#### Filter Results:

- Full text PDF available (10)

#### Publication Year

1999

2012

- This year (0)
- Last 5 years (1)
- Last 10 years (1)

#### Publication Type

#### Co-author

#### Journals and Conferences

#### Key Phrases

Learn More

- Jose F Arocena, Timothy A Rothwell, Mark R A Shegelski
- Micron
- 2005

In low energy electron point source (LEEPS) microscopy, electrons emerge from a point source, propagate as spherical waves, and arrive at a screen. Some electrons scatter off an object, i.e. a cluster of atoms, placed between the source and the screen; others arrive at the screen without scattering. The interference pattern on the screen, an electron… (More)

We consider the motion of a cylinder with the same mass and size as a curling rock, but with a very different contact geometry. Whereas the contact area of a curling rock is a thin annulus having a radius of 6.25 cm and width of about 4 mm, the contact area of the cylinder investigated takes the form of several linear segments regularly spaced around the… (More)

- Mark R.A. Shegelski, Matthew Reid, Lara Pow
- 2000

The theory of the low-energy electron point source (LEEPS) microscope is reformulated in matrix form to readily account for multiple scattering. An algorithm is developed for the storage of the structure matrix and an iterative method is used to solve the matrix equation for the structure factor. Examples of small and large clusters of atoms are given to… (More)

We compare the exact tunneling time with the quasi-classical tunneling time for idealized potentials. We examine three one-dimensional cases where the potential is chosen to have a simple form. In each case, the exact tunneling time and the quasi-classical time differ significantly. In one case, the two differ in magnitude by a factor of about ten. In… (More)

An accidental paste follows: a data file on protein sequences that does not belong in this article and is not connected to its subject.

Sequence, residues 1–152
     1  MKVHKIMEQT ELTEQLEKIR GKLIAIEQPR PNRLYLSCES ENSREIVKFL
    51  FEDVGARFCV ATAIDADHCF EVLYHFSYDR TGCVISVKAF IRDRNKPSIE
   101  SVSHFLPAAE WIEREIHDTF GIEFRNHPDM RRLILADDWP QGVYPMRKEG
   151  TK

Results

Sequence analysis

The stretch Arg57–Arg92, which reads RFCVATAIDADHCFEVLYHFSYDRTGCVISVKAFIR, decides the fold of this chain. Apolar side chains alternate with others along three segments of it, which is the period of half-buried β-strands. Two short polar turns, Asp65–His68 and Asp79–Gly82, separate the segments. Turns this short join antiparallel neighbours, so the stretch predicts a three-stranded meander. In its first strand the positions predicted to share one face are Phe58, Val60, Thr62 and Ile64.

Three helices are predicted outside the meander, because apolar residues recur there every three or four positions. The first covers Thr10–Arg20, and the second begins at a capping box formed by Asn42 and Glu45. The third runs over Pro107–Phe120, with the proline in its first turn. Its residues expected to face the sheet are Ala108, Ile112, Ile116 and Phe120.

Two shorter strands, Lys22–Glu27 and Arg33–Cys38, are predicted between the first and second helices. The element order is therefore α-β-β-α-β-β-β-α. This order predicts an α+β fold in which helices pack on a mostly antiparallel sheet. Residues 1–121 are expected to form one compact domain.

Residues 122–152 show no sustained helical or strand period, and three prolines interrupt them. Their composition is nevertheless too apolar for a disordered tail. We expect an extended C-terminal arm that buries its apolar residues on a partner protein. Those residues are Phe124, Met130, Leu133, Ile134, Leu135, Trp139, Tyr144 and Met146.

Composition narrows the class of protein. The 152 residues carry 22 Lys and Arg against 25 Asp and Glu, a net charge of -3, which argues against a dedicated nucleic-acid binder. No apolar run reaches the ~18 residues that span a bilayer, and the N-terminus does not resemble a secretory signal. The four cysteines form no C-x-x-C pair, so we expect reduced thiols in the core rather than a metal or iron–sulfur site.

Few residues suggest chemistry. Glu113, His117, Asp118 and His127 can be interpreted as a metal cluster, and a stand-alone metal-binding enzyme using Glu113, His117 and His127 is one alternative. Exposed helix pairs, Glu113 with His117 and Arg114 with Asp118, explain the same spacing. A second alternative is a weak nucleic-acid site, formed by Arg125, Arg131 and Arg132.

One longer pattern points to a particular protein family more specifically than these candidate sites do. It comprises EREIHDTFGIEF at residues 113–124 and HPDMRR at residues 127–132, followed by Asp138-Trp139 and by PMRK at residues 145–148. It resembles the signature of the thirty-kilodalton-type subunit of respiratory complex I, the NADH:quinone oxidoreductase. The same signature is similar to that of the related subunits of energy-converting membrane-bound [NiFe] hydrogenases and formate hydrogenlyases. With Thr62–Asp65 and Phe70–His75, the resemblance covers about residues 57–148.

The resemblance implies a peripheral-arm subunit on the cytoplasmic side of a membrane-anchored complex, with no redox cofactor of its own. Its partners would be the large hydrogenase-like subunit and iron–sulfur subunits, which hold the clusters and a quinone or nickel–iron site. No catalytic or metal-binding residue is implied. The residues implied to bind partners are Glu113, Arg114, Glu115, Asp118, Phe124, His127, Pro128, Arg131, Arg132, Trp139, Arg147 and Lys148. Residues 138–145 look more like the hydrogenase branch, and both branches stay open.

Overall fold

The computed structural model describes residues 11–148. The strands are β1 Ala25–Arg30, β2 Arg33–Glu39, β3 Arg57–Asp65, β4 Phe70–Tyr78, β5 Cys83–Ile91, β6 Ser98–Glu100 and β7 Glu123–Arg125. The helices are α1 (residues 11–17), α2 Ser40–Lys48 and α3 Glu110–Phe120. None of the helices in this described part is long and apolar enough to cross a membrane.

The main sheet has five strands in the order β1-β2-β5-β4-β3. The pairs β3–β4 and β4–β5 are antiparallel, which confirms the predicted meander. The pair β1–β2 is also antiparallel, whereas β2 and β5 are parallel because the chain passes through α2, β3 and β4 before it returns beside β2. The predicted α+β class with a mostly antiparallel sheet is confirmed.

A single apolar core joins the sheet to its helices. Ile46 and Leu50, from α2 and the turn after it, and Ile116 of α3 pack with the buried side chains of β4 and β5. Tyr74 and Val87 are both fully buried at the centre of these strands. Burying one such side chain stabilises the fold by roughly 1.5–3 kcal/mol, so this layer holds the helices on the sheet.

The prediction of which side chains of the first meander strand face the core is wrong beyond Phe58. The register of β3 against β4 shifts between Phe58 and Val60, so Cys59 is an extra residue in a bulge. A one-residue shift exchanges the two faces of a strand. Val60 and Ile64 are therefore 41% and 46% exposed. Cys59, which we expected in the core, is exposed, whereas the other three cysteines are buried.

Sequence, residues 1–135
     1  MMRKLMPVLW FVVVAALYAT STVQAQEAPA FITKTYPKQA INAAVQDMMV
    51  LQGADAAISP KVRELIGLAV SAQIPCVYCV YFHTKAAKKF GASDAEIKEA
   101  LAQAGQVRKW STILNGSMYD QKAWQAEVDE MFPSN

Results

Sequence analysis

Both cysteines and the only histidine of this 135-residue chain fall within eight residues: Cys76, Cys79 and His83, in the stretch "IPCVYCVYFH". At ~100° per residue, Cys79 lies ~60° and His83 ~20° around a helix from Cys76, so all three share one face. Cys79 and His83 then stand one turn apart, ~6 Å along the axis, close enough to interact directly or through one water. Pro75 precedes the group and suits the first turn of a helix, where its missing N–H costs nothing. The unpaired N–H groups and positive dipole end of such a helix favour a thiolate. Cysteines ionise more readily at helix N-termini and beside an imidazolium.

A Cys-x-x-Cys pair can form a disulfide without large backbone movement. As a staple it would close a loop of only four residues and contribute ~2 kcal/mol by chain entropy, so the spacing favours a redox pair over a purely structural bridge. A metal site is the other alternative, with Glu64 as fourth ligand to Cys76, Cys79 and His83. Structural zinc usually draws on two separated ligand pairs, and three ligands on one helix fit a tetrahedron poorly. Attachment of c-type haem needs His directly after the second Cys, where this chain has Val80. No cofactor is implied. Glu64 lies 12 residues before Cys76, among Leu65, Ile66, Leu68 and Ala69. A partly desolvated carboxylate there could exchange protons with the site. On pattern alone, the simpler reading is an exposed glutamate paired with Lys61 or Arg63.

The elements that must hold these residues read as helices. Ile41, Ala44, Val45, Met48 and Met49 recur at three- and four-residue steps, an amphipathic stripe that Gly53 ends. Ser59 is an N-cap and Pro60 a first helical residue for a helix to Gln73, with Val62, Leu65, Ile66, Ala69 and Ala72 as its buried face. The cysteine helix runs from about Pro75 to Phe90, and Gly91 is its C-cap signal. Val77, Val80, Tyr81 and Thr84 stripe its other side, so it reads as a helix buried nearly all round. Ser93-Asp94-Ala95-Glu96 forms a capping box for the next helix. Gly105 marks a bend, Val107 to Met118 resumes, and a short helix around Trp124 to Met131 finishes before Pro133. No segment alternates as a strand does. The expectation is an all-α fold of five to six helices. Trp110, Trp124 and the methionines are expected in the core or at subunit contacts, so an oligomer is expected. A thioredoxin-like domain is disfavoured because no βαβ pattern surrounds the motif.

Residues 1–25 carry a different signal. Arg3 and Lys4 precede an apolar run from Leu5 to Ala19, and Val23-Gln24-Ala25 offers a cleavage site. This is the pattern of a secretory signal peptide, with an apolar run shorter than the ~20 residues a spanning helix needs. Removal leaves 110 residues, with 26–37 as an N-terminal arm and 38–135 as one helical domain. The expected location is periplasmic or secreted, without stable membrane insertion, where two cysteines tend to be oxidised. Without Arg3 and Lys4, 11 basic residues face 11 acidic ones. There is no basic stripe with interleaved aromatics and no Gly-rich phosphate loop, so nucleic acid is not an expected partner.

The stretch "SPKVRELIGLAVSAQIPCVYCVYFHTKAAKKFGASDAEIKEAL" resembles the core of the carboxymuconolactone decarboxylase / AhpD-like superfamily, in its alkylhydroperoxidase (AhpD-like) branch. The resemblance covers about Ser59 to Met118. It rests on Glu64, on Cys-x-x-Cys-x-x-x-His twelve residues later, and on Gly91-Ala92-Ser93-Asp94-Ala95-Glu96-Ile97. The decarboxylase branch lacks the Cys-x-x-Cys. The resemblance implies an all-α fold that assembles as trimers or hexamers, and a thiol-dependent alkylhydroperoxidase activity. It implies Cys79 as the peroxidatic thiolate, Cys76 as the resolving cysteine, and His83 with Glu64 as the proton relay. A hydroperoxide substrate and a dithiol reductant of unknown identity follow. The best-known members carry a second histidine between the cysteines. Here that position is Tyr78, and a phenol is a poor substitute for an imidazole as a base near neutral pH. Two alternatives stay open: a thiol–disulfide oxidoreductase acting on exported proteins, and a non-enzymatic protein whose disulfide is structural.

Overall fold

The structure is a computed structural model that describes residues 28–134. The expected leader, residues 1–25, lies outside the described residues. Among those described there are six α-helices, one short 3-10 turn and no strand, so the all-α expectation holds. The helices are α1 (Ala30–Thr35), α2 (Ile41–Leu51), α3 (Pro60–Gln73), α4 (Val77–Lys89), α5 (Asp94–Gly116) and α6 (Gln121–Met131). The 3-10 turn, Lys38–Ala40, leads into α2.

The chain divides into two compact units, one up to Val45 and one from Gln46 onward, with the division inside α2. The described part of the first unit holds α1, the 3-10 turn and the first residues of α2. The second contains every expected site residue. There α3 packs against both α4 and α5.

- Timothy A Rothwell, Mark R A Shegelski
- Micron
- 2005

In theoretical low energy electron point source microscopy, simulated holograms are made and used to reconstruct atomic clusters. In previous investigations, simple test clusters were used for convenience. In this paper we explore more realistic structures composed of a single type of atom such as diamond, graphite and Buckminsterfullerene--all of which… (More)

- Mark R.A. Shegelski, Thomas Clark, Matthew Reid, Silas Faltus
- 1999

Depth resolution in the reconstruction of in-line holograms taken with the low-energy electron point source (LEEPS) microscope is improved by employing, on the basis of a Kirchho!}Helmholtz-type reconstruction integral, (i) a tomographic approach, sampling several screen positions, and (ii) a weighted energy averaging. The improved reconstructions exhibit… (More)

We show that rapidly rotating cylinders sliding on smooth surfaces can exhibit novel trajectories. The lateral deflection can be as large as the net displacement in the initial direction of motion. With a large enough initial angular speed, the cylinder can trace out a spiral trajectory having a large number of loops. An exact analytical result for large… (More)

We examine the approach used and the results presented in a recent publication (Can. J. Phys. 76, 295 (1998)) in which (i) a noninertial reference frame is used to examine the motion of a curling rock, and (ii) the lateral motion of a curling rock is attributed to left–right asymmetry in the force acting on the rock. We point out the important differences… (More)

The theory of the low energy electron point source (LEEPS) microscope is presented in matrix form to account for multiple scattering. An iterative method is used to solve the matrix equation for the structure factor. An algorithm is developed for the storage and use of only the dominant elements of the structure matrix; this allows for the study of… (More)

- Roman Holenstein, Timothy A Rothwell, Mark R A Shegelski
- Ultramicroscopy
- 2003

We report a new method that gives atomic resolution in the reconstruction of simulated holograms in theoretical low energy electron point source (LEEPS) microscopy, and that uses a screen size that is commensurate with screen sizes used in experimental LEEPS. The method exploits the spherical symmetry in the electron waves emerging from the source. We… (More)